One distressed energy credit, Halcón Resources, will better weather the slump in oil prices due to the sale of $700 million of 8.625% second-lien notes due 2020 on April 21. The exploration-and-production company operating in North Dakota and eastern Texas intends to use proceeds to repay revolver debt and to fund general corporate purposes.

Main Street Capital has a holding of existing Halcón Resources bonds, the 9.75% unsecured debt due 2020, marked at 82, and HMS Income fund debt has a holding of the same debt marked at 87 (When marked to principal amount, the debt is marked at 75 at both BDCs.). – Kelly Thompson/Abby Latour

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PennantPark, a BDC, to buy assets of struggling rival lender MCG Capital

PennantPark Floating Rate Capital, a business-development company, announced plans today to expand its portfolio through the acquisition of MCG Capital, a struggling lender to middle-market companies that had taken steps to wind down its portfolio.

PennantPark Floating Rate Capital, which trades on the NASDAQ under the symbol PFLT, will acquire MCGC in a $175 million cash-and-stock transaction, or $4.75 per MCGC share. MCGC stockholders will receive $4.521 in PFLT shares and $0.226 per share in cash from PennantPark Investment Advisers, and possibly an additional $0.25 depending on PFLT’s NAV over a 10-day period.

MCGC shares jumped 10% today, to $4.51, from $4.10 at yesterday’s close on the Nasdaq.

Boards of both companies approved the transaction. Stockholders of both companies need to agree to the transaction. The deal is expected to close in the third quarter.

The equity base of the combined company is expected to total $376 million.

“A balance sheet of this size will allow the combined company to be a more important provider of capital to middle-market sponsors and corporate borrowers,” a joint statement today said.

“PFLT expects, over time, to deploy most of MCGC’s cash into an investment portfolio consistent with that of PFLT’s existing loan portfolio.”

The deal is a boon to MCGC shareholders. In October, MCG Capital announced it was winding down its portfolio and buying back its stock with asset-sale proceeds, citing a credit-cycle peak. In February, MCG Capital announced it was exploring a potential sale.

“Our stockholders should benefit through resumed receipt of dividends and ownership in a company with a strong balance sheet and proven track record,” said Richard Neu, Board Chairman of MCG Capital.

PennantPark Floating Rate Capital shares traded higher after the announcement, touching $14.23, but have since erased gains to trade steady, at $14.15 on the Nasdaq, which was overall lower. Investments in middle-market companies can be difficult to acquire, except over an extended period. Buying an entire portfolio can be an attractive way to acquire a significant amount of assets at once in the competitive marketplace. Investors of debt in middle-market companies usually find economies of scale from larger holdings.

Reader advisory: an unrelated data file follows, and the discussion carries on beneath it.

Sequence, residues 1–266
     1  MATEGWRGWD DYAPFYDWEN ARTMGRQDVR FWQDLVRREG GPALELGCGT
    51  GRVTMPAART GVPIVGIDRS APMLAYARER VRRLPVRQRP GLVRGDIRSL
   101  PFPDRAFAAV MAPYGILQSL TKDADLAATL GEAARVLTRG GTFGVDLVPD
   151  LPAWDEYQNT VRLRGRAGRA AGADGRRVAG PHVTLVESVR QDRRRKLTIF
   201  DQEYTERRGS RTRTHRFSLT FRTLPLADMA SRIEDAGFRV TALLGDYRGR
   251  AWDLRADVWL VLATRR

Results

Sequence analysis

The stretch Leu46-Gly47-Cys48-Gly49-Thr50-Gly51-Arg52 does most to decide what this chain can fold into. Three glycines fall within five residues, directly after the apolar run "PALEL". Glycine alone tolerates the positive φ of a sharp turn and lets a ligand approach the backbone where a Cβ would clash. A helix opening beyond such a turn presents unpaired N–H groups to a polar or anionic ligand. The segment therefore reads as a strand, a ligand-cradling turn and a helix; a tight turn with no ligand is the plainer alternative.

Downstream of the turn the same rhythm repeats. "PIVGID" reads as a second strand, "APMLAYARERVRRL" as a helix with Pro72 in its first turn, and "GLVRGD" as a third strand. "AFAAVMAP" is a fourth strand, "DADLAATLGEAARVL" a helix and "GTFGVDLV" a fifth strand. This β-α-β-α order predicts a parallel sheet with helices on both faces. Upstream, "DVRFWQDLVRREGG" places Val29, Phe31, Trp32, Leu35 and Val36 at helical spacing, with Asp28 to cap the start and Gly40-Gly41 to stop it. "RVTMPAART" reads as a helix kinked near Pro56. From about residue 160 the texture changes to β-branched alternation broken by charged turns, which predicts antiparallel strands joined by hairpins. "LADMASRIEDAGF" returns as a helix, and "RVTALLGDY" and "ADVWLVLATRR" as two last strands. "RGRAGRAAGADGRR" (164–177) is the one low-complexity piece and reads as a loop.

Another huge portfolio of middle-market assets is currently on the auction block. GE unveiled plans this month to sell GE Capital, the dominant player in middle-market lending. Leveraged Commentary & Data defines the business as lending to companies that generate EBITDA of $50 million or less, or $350 million or less by debt size, although definitions vary among lenders.

MCG Capital, formerly known as MCG Credit Corp., was a specialty lender focused on telecoms, communications, publishing, and media companies that was spun off from Signet Bank. Over the past decade, the company managed to shed some underperforming assets and diversify, but the company remained saddled with legacy assets from poorly performing traditional businesses.

PennantPark Floating Rate Capital is an externally managed business-development company, or BDC. The lender targets 65% of its portfolio for investments in senior secured loans and 35% in second-lien, high yield, mezzanine, distressed debt, and equity of below-investment-grade U.S. middle-market companies. The portfolio totaled $354 million at year-end on a fair-value basis.

PennantPark Investment Advisers receives fees from PennantPark Floating Rate Capital for investment advising, some of which are linked to performance of PFLT.

In December, MCG Capital announced the results of a Dutch auction, saying it bought 4.86 million shares for $3.75 each, representing 11.2% of shares outstanding, for a total of $18.2 million. MCG also reinstated an open market share repurchase program. In total, MCG Capital bought more than 31 million shares in 2014, totaling more than $117 million.

In April, MCG Capital completed a sale of Pharmalogic, marking the exit of all of the lender’s control investments. MCG Capital provided a $17.5 million, 8.5% first-lien loan due 2017, and a revolver, to facilitate the sale. Pharmalogic is a nuclear compounding pharmacy for regional hospitals and imaging centers.

MCG Capital had also struggled with a few poor, but isolated, bets, market sources said.

One misstep was MCG’s investment in Broadview Networks. The company, a provider of communications and IT solutions to small and midsize businesses, filed for Chapter 11 in 2012. MCG Capital owned more than 51% of the equity at the end of 2011.

Another black eye for MCG Capital was an investment in plant-and-flower producer Color Star Growers of Colorado. The company filed for bankruptcy in December 2013, resulting in a loss of $13.5 million that year for MCG Capital. Regions Bank claimed its losses totaled $35 million for the transaction.